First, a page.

Crossing the Savannah River near Augusta, the pipeline would follow the river much of the way to Savannah. Maps show it closest to the river in southern Screven and northern Effingham counties.
Sylvania resident Debo Boddiford said the timing of Tuesday’s hearing is inconvenient for her, but she hopes to make the more than hour-long drive to Richmond Hill.
Her husband operates a fertilizer dealership, his brother is a farmer, and the Boddifords and their relatives own large tracts of land the pipeline will pass through in Screven County.
At the earlier Sylvania meeting, Boddiford asserted that the pipeline would be neither necessary nor convenient.
“Of course we’re all concerned about the river and environmentally,” she said in an interview this week. “If there was a leak, we’re very concerned that this area they’re going to put it through, the largest majority in Screven County can be very swampy.”
For heavy vehicles such as log trucks to cross the buried pipeline, Kinder Morgan officials have said, special pads and additional soil may have to be placed on top. Landowners would have to contact the company, which would send someone to check the crossing site and give permission.
The need to ask permission would apply to vehicles as light as pickup trucks, Boddiford said.
The company is offering a one-time payment for the easements, but she said that property owners would continue to bear the tax liability and expense of any special arrangements for crossings. For cellphone towers, in contrast, property owners usually receive annual rent.
“That’s why I’d like for Georgia officials to take a step back, not approve this right now and rethink this whole thing,” Boddiford said. “I personally think that Georgia law, perhaps laws nationwide, need to change to give the property owner in this type of situation more benefit.”
Greg Rahn of Springfield also plans to attend Tuesday’s hearing. He attended the meetings in Sylvania and at Ebenezer near Springfield.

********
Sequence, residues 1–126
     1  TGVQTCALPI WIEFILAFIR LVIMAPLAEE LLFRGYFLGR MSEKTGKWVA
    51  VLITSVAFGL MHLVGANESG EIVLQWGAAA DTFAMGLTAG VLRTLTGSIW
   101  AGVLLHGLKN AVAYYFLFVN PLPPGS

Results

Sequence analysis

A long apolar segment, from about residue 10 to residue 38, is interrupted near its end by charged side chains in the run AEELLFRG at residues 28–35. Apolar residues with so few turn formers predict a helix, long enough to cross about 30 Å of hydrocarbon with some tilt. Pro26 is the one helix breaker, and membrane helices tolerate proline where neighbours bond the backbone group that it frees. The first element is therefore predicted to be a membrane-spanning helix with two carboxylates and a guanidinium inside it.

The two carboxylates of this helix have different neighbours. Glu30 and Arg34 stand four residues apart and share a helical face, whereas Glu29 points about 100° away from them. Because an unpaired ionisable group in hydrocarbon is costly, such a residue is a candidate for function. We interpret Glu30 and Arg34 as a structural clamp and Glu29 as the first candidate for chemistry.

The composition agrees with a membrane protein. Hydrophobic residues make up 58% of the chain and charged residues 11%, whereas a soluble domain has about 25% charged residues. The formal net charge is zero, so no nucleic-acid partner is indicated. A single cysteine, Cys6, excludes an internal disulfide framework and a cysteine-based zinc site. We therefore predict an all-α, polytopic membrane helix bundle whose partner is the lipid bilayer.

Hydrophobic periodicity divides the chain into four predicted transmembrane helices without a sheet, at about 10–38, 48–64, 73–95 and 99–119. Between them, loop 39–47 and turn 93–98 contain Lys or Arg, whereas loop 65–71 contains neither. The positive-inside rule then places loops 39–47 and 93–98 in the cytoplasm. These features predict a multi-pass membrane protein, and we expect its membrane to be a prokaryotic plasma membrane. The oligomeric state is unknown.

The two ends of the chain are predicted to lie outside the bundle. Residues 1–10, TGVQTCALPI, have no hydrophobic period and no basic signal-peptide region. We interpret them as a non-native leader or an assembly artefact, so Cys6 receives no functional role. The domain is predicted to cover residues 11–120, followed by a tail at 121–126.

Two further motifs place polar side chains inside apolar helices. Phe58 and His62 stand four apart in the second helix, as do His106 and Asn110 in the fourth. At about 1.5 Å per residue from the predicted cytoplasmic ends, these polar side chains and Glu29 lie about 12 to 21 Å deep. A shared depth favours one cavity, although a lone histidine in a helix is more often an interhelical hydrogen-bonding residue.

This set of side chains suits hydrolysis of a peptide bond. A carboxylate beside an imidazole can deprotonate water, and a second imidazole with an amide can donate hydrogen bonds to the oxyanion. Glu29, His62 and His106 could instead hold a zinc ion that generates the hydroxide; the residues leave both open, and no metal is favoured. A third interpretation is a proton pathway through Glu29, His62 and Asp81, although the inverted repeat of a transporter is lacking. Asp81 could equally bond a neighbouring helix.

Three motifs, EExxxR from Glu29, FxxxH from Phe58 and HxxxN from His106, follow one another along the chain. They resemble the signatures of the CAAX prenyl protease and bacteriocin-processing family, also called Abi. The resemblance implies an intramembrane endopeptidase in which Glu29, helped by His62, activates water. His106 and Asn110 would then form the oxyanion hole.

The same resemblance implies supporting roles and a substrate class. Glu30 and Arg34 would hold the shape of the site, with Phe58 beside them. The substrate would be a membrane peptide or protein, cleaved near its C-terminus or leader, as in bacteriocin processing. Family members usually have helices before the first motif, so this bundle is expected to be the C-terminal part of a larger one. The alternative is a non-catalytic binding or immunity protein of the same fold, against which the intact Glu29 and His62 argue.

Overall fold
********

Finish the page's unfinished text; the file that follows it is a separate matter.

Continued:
His brother owns land the pipeline is slated to pass through. Rahn, who owns the land adjacent to his brother’s tract, said he is concerned for both, not knowing which way the route may be shifted.
“When you clear that open spot all the way across your property, that just kind of opens it up for four-wheelers and trespassers because it’s a wide-open shot, and you know how they travel power lines,” Rahn said. “So we don’t want our property open to the public.”
The route crosses the Ogeechee near Richmond Hill. Called earlier this week, Ogeechee Riverkeeper Emily Markesteyn criticized the Georgia Department of Transportation’s handling of the project.
“They should be the experts on how to hold these meetings, what the process is to go through,” she said. “They shouldn’t be beholden to the applicants … and it just seems like from day one, they’ve taken a back seat to whatever Kinder Morgan wants to do.”
Savannah Riverkeeper Tonya Bonitatibus had voiced her objections to the earlier company-led meetings for the record at the Sylvania session.
This week, the Riverkeepers got some of what they were asking for in terms of the process. Kinder Morgan released detailed maps of the route at midweek, Bonitatibus confirmed.
The DOT hearings and comment period are a critical point for the opposition to be heard, she said. The project also will need a water quality permit from the state Environmental Protection Division and multiple permits from the U.S. Army Corps of Engineers, but these address specific aspects rather than the overall plan, Bonitatibus said.